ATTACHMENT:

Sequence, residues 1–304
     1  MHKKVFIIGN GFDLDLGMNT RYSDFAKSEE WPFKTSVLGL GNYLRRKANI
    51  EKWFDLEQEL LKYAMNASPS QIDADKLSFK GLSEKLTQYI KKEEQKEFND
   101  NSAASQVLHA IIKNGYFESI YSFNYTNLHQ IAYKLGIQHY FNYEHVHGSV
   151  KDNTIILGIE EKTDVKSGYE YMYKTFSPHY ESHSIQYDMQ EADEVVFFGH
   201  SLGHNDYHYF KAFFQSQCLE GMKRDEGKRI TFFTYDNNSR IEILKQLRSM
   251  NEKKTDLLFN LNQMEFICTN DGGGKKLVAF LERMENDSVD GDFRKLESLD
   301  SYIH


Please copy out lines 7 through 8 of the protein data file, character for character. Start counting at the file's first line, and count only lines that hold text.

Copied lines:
   251  NEKKTDLLFN LNQMEFICTN DGGGKKLVAF LERMENDSVD GDFRKLESLD
   301  SYIH